FACEBOOK ANNOUNCED IN a blog post Tuesday that it was banning cryptocurrency advertising from the platform entirely. The company said that many ads for cryptocurrency investment opportunities, like initial coin offerings, were “not currently operating in good faith.” Facebook has a point. Take Prodeum for example, a Lithuanian cryptocurrency startup that appeared online Thursday. By Monday, it was gone.
Ultimately, blockchain scams aren’t much different from other types of investment fraud. Whether you dress it up as an ICO or a hedge fund, the grift generally works the same: Convince unassuming individuals that you can make them rich, then steal their money. While the SEC has yet to aggressively go after much of the cryptocurrency market, it does regularly file complaints against hundreds of other scams designed to rip people off. Humans have been trying to swindle each other out of money for thousands of years. Cryptocurrencies are just the latest opportunity to do so.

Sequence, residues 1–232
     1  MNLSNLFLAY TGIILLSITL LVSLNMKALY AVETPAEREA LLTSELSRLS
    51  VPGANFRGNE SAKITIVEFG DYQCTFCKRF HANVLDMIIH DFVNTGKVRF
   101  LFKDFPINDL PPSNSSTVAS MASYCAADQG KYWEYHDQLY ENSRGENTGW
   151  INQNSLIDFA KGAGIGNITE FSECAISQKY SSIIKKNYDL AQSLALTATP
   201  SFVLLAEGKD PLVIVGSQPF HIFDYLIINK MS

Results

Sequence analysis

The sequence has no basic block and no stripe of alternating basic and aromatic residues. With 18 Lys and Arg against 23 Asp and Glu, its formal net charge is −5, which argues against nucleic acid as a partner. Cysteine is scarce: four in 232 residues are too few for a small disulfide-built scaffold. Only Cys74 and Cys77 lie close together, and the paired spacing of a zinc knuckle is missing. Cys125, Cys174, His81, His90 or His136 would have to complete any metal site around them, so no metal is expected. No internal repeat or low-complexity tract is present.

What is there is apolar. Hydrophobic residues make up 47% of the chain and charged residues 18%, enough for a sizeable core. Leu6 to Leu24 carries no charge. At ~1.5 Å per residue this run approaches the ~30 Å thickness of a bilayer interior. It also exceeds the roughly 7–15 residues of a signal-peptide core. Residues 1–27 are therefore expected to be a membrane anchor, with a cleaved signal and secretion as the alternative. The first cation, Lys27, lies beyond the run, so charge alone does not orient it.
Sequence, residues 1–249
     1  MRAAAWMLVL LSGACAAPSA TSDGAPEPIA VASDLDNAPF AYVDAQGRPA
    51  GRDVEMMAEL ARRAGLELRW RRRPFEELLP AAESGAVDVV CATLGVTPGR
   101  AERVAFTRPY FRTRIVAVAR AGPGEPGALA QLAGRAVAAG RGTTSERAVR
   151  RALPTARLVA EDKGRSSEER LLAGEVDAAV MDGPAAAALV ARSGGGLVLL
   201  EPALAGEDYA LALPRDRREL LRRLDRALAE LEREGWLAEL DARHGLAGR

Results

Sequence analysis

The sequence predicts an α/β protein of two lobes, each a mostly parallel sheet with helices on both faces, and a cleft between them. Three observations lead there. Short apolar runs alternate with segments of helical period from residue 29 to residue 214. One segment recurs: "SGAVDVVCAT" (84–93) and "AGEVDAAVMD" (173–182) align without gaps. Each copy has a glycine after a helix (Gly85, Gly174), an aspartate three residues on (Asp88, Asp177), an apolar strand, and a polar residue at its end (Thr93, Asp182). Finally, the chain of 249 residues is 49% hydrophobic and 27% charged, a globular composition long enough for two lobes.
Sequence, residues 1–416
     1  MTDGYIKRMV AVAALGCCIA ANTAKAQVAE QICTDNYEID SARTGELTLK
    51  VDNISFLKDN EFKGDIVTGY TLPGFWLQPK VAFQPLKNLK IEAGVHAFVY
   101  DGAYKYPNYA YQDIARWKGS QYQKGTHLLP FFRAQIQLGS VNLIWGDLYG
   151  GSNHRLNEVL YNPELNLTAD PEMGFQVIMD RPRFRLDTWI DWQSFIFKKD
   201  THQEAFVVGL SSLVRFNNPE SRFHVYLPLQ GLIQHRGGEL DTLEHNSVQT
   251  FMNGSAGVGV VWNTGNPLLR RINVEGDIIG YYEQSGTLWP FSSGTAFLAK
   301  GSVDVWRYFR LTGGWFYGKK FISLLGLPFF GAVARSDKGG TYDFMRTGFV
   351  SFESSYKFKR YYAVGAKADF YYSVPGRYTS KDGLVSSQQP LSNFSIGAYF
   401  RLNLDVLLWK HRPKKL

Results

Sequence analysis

“Fraudulent scams like Ponzi schemes and sponsors who pocket investor’s money have been around for a long time. Fraudulent ICOs can be used to repackage old frauds in a new wrapper,” says Todd Kornfeld, a securities attorney at the firm Pepper Hamilton.
That’s not to say that the cryptocurrencies aren’t a particularly volatile and shady thing to invest in now. A recent hoax claimed that some guy scammed his way into over $1 million by convincing people Chuck E. Cheese tokens were bitcoins. The story wasn’t true, but you can see now why it was so easily believed—the cryptocurrency marketplace is full of plenty of crazier scams.